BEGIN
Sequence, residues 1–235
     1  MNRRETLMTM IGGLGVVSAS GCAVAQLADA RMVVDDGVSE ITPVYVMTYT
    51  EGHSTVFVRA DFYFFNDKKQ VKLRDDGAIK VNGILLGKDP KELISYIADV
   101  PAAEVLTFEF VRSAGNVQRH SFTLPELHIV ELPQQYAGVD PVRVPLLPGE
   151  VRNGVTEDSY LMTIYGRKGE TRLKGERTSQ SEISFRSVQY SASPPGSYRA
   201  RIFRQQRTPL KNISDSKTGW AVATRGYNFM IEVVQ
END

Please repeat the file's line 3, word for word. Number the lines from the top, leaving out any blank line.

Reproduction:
    51  EGHSTVFVRA DFYFFNDKKQ VKLRDDGAIK VNGILLGKDP KELISYIADV